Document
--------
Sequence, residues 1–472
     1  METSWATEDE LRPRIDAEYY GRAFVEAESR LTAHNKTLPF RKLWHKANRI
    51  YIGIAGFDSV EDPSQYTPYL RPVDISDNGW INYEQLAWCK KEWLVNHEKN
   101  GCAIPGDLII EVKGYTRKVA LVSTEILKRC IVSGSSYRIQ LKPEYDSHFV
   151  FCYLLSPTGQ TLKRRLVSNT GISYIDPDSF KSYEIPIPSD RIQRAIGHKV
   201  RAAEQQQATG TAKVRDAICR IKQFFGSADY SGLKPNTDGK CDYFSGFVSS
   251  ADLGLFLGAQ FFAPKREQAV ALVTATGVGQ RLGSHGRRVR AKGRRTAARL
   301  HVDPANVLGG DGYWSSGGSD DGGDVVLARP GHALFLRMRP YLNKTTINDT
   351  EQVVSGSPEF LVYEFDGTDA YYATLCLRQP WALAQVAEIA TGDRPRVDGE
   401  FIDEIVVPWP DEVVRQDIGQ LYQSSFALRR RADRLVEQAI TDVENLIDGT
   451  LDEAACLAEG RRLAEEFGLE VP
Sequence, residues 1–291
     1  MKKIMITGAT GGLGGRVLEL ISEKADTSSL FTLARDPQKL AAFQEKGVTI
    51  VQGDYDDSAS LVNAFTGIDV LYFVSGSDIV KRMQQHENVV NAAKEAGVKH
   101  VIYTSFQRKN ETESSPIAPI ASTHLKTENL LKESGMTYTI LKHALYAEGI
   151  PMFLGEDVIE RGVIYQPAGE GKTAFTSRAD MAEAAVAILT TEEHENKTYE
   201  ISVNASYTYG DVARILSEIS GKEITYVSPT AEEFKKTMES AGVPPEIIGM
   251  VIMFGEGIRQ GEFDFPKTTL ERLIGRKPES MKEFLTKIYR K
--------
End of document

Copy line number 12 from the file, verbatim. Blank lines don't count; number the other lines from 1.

Sequence, residues 1–291